It’s been a rough year for the Rio School District trustees. Actually, it’s been rough for the Rio School District in general for nearly a decade. Since 2003, the district has seen much instability with the turnover of three superintendents, four trustees being voted out, and its share of lawsuits and payouts. The board, which is supposed to focus on education and children, became a highly volatile political circus. Even with four new trustees installed in the last year, mudslinging, stagnation on important decisions and requests for district attorney investigations have divided the group. But the news about the most recent former superintendent should truly put the jobs and responsibilities of the board into perspective with the hope that divisive politics will end.

Former superintendent Sherianne Cotterell was recently arrested for shoplifting nearly $100 worth of cosmetics in Salt Lake City, Utah. Though innocent until proven guilty, Cotterell’s track record doesn’t bode well, even if she is found not guilty, having pleaded no contest to shoplifting at a T.J. Maxx two years earlier and being on probation when arrested again for the same crime(See News, p. 8). Her actions, however, affect more than just her.

At one of the board’s first meetings earlier this year, new trustees Eleanor Torres, who is board president, Henrietta Macias and Ramon Rodriguez voted to terminate Cotterell’s contract 18 months early, later citing students’ poor performance as one reason. Cotterell’s 2009 shoplifting incident had also caused clear division among parents, board members and employees of the district — some said forgive and forget; others said the act was unforgivable for someone serving as a mentor to students. The board majority clearly favored the latter position. Second-term trustee Tim Blaylock voted against termination; new trustee Mike Barber was absent, but didn’t support termination because of the high cost to pay out her contract. The new majority became obvious and the apparent infighting on the board began.

Shortly thereafter, the board majority accused the other two of alleged misdeeds and asked the district attorney to investigate; Barber and Blaylock also asked the district attorney to investigate the other three. Then the majority decided to delay renewing a contract for after-school programs with the Boys and Girls Club until they had more information, despite the fact that the club had been contracted with the district since 2004. Blaylock now says he shouldn’t have signed the most recent contract (2006) due to a potential conflict of interest stemming from his position as chief professional officer of the Boys and Girls Club. Though Rodriguez said the board would most likely approve the contract renewal when it comes back before the board this October, the general atmosphere appears tense, at best.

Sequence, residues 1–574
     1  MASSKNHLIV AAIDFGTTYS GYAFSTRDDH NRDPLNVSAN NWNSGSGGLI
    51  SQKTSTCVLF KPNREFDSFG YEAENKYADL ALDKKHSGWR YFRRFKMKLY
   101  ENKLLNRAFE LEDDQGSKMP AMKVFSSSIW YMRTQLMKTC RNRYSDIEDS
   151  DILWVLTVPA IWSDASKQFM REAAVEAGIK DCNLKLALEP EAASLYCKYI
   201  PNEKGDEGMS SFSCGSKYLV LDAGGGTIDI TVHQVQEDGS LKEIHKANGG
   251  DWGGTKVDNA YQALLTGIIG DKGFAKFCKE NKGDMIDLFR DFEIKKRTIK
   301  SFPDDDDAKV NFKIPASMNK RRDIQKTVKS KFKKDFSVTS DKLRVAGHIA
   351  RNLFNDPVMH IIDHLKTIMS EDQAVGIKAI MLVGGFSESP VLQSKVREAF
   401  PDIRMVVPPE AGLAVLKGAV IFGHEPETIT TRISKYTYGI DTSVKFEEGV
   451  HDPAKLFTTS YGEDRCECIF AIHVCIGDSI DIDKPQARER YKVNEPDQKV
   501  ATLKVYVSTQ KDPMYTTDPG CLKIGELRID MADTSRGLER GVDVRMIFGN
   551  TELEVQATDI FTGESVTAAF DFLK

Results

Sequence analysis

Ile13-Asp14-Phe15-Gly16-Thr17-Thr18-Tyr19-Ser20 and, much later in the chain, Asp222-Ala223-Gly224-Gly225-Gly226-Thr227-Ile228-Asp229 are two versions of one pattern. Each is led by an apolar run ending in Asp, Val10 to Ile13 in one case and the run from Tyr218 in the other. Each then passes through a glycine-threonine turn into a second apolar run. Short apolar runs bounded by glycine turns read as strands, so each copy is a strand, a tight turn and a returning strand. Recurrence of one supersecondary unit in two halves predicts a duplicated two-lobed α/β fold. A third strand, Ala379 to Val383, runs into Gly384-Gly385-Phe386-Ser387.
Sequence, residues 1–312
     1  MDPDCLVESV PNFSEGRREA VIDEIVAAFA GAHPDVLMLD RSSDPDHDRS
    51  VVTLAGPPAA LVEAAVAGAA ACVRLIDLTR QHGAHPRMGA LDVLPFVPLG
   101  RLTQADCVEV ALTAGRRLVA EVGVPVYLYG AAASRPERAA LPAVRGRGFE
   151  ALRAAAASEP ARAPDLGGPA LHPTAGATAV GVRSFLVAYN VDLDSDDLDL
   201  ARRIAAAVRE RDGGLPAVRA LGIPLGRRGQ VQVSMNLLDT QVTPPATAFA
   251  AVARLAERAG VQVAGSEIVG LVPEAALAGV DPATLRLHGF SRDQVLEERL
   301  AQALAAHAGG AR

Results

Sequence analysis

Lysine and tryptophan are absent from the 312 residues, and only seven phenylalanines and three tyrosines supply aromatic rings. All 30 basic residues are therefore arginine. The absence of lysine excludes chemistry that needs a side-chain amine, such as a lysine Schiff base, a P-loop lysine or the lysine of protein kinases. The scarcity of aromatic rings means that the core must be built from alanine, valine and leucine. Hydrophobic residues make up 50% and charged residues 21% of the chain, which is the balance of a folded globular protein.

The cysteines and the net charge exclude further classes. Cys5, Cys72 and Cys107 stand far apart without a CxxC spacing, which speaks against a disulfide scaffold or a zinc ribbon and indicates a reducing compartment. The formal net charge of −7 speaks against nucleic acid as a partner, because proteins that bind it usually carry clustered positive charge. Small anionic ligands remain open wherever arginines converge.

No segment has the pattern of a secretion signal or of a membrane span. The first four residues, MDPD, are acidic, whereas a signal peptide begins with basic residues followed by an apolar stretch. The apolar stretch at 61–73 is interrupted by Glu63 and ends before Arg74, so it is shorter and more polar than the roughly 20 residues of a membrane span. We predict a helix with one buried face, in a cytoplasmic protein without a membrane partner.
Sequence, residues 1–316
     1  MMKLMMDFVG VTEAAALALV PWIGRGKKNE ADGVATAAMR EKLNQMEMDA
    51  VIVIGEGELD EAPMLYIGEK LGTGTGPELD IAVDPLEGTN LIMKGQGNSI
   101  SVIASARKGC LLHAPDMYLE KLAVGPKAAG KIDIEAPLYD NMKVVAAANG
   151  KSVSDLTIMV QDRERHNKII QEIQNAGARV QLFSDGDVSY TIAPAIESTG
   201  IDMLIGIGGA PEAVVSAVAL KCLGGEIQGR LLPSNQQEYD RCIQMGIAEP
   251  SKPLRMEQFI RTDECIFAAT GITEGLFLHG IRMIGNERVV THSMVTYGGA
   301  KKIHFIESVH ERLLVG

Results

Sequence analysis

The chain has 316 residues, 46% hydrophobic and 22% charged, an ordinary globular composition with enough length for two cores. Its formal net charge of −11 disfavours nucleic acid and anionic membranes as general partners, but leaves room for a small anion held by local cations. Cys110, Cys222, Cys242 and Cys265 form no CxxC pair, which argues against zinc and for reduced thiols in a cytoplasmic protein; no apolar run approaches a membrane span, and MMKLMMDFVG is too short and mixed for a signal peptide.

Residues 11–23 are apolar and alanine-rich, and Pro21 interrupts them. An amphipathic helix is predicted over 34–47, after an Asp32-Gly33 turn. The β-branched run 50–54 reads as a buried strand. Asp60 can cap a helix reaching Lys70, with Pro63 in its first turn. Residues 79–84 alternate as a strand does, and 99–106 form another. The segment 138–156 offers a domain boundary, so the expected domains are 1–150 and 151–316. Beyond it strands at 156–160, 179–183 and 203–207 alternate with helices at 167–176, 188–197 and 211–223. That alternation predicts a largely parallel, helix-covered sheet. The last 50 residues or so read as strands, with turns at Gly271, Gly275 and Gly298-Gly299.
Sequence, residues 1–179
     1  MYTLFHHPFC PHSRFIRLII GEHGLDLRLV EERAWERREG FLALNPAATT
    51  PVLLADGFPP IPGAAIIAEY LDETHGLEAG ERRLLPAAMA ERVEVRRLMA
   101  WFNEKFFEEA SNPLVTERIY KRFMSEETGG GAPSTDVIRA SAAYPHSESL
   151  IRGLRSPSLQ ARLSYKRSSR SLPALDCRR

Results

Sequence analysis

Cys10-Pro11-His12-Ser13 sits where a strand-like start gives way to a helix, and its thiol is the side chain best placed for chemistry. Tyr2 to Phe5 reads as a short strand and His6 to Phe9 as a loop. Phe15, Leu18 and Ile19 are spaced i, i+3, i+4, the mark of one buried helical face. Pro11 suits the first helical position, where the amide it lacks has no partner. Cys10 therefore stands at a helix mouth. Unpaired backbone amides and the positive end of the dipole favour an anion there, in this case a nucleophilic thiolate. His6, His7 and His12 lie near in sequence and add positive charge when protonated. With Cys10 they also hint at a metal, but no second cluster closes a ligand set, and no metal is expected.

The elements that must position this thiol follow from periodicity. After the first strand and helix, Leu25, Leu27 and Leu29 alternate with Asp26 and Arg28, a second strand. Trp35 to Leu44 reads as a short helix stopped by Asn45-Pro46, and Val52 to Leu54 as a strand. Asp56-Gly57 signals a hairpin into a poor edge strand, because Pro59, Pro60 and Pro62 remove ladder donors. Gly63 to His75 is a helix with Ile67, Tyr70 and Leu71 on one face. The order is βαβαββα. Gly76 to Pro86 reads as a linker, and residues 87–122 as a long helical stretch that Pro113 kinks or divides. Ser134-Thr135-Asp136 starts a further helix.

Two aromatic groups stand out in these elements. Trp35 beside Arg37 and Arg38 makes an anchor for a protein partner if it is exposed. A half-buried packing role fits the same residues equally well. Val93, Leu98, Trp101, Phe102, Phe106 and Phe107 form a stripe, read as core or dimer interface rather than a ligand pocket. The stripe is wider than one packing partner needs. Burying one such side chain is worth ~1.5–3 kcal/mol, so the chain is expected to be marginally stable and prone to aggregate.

Terminating Cotterell’s contract appeared to be the first decision that truly divided the board, but with her recent arrest, the whole dynamic needs to change. Cotterell appealed to the public about her stress levels when she was arrested in 2009, and many supported her, thinking it would was a one-time incident. But it wasn’t. As the old adage goes, fool me once, shame on you; fool me twice, shame on me. Cotterell’s recent actions have put Rio in the spotlight again. Had Cotterell been working for the district, the board would have been under major scrutiny as to why she was still employed. Thankfully for the reputation of the board, she wasn’t.

The havoc in the Rio School District should serve as a real eye-opener for board members. Throughout all the chaos, it appears that more attention has been put on self-serving agendas than on those who need it most — the children. The infighting must stop now so the board and the community can move forward.


Let’s talk pot, medical marijuana that is

Ventura’s emergency moratorium banning medical marijuana dispensaries will expire on Sept. 2. With the City Council out on break and not expected to reconvene until Sept. 19, this gives advocates a window of time to try and obtain a business license. Though the city will deny any application for pot dispensaries, at least until the Council can discuss it, it’s time to talk pot. 

In Fall 2009, the City Council enacted a 10-month emergency moratorium but told city staff to study the issue, hold public meetings and study alternatives, including possible land-use language that would allow cooperatives and collectives in certain parts of town. Well, it’s been almost two years since the Council ordered staff to look into how the city might be more accommodating to those seeking medical marijuana, and we haven’t heard much about it since, other than the city extending the moratorium.

While we fully understand the potential criminal element associated with pot dispensaries — an element that law enforcement restates regularly — and that there is evidence of teenagers smoking medical marijuana in cities that have dispensaries, there are also some positive aspects to it. First and foremost, patients won’t have to travel to other counties to get their medicine. Second, it is possible that those who are getting pot illegally now may just decide to go to the dispensary instead and do it legally for their apparent migraines and back pain. Third, money won’t be spent elsewhere for a product we now have. We could go on, but the list is long.

Though we aren’t necessarily advocating for one decision or another, it is now time to see the Council discuss the pros and cons of having dispensaries here rather than simply assuming the worst-case scenario and extending the moratorium. With the City Council election on the horizon, it would be a good time to start picking the minds of potential council members to see where they stand on the issue. Let’s hope we will get a clearer picture of the good and the bad and find a compromise in between.